Winter Solstice 2012

Today is the winter solstice and the first day of winter in the Northern Hemisphere. It’s all due to Earth’s tilt, which ensures that the shortest day of every year falls around December 21. Some predicted that today would also mark Earth’s doomsday, thanks to a longstanding rumor that the Maya calendar ends on December 21, 2012.

Even without an apocalypse, the solstice has been an auspicious day since ancient times. Countless cultural and religious traditions mark the winter solstice; it’s no coincidence that so many holidays surround the first day of winter.

Even without an apocalypse, the solstice has been an auspicious day since ancient times. Countless cultural and religious traditions mark the winter solstice; it’s no coincidence that so many holidays surround the first day of winter.

The solstices occur twice a year (around December 21 and June 21) because Earth is tilted by an average of 23.5 degrees as it orbits the sun—the same phenomenon that drives the seasons.

Being the shortest day of the year, the winter solstice is essentially the year’s darkest day, but it’s not the coldest. Because the oceans are slow to heat and cool, in December the seas still retain some warmth from summer, delaying the coldest of winter days for another month and a half. Similarly, summer doesn’t hit its heat peak until August, a month or two after the summer solstice.

Winter Solstice’s Christmas connection

Scholars aren’t exactly sure of the date of Jesus Christ’s birthday, the first Christmas.

“In the early years of the Christian church, the calendar was centered around Easter,” George Washington University’s Yeide said. “Nobody knows exactly where and when they began to think it suitable to celebrate Christ’s birth as well as the Passion cycle” — the Crucifixion and resurrection depicted in the Bible.

Eastern churches traditionally celebrate Christmas on January 6, a date known as Epiphany in the West. The winter date may have originally been chosen on the basis that Christ’s conception and Crucifixion would have fallen during the same season — and a spring conception would have resulted in a winter birth.

But Christmas soon became commingled with traditional observances of the first day of winter. Early church leaders endeavored to attract pagans to Christianity by adding Christian meaning to existing winter solstice festivals.

“This gave rise to an interesting play on words,” Yeide said. “In several languages, not just in English, people have traditionally compared the rebirth of the sun with the birth of the son of God.”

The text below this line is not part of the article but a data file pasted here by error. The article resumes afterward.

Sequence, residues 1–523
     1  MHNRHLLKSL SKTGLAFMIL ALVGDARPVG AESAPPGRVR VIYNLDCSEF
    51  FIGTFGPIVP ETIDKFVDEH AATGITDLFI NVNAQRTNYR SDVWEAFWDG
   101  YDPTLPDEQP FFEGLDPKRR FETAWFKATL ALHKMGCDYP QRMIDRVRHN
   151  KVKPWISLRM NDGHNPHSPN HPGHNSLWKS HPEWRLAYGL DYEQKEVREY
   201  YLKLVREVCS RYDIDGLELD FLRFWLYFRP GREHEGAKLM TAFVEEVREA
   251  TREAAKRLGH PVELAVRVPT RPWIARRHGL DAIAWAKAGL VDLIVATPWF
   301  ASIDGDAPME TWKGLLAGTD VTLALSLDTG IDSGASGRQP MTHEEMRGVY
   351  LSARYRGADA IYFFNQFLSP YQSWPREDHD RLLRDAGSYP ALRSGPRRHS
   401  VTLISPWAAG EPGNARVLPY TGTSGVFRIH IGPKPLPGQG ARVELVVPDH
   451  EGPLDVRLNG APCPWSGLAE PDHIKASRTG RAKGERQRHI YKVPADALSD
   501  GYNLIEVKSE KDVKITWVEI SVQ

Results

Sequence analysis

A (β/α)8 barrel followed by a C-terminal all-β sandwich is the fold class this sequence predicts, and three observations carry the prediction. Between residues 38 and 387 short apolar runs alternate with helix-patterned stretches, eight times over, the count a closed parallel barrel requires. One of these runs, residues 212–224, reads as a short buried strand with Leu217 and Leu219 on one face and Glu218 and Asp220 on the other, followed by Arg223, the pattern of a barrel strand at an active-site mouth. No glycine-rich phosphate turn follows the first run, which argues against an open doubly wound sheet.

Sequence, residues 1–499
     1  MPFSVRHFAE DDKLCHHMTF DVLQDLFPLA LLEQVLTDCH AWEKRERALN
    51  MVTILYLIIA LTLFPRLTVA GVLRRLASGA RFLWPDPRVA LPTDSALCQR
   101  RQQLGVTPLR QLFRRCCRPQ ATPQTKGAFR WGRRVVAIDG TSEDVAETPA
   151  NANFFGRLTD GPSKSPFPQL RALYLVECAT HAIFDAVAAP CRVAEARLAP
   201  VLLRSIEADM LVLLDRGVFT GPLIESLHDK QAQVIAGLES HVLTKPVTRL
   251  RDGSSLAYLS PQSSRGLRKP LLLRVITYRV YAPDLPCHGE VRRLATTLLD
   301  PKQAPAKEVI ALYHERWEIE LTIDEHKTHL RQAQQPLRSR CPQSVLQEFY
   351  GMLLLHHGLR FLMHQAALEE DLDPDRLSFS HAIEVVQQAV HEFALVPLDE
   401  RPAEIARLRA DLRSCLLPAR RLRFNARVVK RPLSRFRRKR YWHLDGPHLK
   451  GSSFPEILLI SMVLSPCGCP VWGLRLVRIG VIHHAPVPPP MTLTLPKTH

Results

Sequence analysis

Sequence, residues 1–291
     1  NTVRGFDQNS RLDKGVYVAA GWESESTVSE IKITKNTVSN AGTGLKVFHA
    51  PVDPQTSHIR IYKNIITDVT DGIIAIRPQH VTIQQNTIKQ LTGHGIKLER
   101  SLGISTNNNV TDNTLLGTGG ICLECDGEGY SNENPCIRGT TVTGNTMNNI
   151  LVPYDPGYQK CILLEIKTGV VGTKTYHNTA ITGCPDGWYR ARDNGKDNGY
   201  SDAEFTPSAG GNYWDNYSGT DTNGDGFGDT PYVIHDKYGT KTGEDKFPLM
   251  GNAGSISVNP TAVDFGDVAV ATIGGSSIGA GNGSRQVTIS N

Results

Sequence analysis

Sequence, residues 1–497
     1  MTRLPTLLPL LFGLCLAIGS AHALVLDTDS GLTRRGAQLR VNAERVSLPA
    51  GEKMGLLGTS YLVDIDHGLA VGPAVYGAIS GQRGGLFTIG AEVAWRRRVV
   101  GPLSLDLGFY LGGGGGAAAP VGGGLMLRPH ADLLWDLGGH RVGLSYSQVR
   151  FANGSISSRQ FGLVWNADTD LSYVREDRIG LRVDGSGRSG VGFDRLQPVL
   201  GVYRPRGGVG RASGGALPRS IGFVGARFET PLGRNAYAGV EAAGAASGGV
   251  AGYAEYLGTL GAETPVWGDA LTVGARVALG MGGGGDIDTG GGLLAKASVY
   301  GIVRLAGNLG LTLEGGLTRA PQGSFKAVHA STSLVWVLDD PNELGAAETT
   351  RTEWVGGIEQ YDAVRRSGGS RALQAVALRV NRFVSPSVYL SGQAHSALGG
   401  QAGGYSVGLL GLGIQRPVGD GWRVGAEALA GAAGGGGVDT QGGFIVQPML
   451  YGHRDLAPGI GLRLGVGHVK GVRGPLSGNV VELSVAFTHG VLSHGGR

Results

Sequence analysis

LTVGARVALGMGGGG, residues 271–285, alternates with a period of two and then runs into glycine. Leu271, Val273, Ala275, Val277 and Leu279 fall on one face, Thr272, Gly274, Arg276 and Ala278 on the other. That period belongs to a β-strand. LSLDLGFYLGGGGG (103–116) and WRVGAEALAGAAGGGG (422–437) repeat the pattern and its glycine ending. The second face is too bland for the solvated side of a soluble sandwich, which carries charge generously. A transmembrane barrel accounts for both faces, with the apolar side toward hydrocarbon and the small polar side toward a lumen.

Via: Nat Geo

Christmas 1914 — a unique moment in history

During the first Christmas of World War I, warfare took second place to an unlikely match. German soldiers lit candles on Christmas trees. Troops on opposing sides of the front lines called for a spontaneous ceasefire. And then, in the spirit of goodwill, the men decided to play a match of soccer.

The Christmas truce of 1914 was a unique moment in history. During the ceasefire, German, French, British, and Belgian soldiers met in the middle of No Man’s Land in Flanders, Belgium. They shook hands, buried the remaining dead, and even exchanged rations and gifts, including chocolate cake, liquor, and tobacco.

After trying to catch rabbits hiding under cabbages, British and German soldiers began playing soccer on the frozen ground. In this atmosphere of goodwill, soldiers decided to throw down their caps and helmets and use them as goalposts.

Some soldiers wanted to continue the truce beyond the Christmas holiday, but officers on both sides were becoming anxious for their missions to continue. With calls for renewed combat, the truce was mostly over before New Year’s Day. The war continued for another three Christmases, but there were never another such truce.

We would have inherited a wonderful, lovely world had the truce continued for ever, since 1914!

Christmas 2011

Christmas Day celebrates the birth of Jesus Christ, on December 25. It remains one of the most festive holidays in the world, seen as a time of giving and sharing and of course presents. However, December 25 is a business day in Baghdad, so banks & offices are open.

The Christmas tree of Dortmund is the largest in the world and is built with a scaffold, covered with 1,700 Norway spruces, 40,000 lights and is 45m (148 ft) high.

Nearly every major city in the world decorates huge Christmas trees, while children all over wait eagerly for gifts from Santa Claus.

Merry Christmas!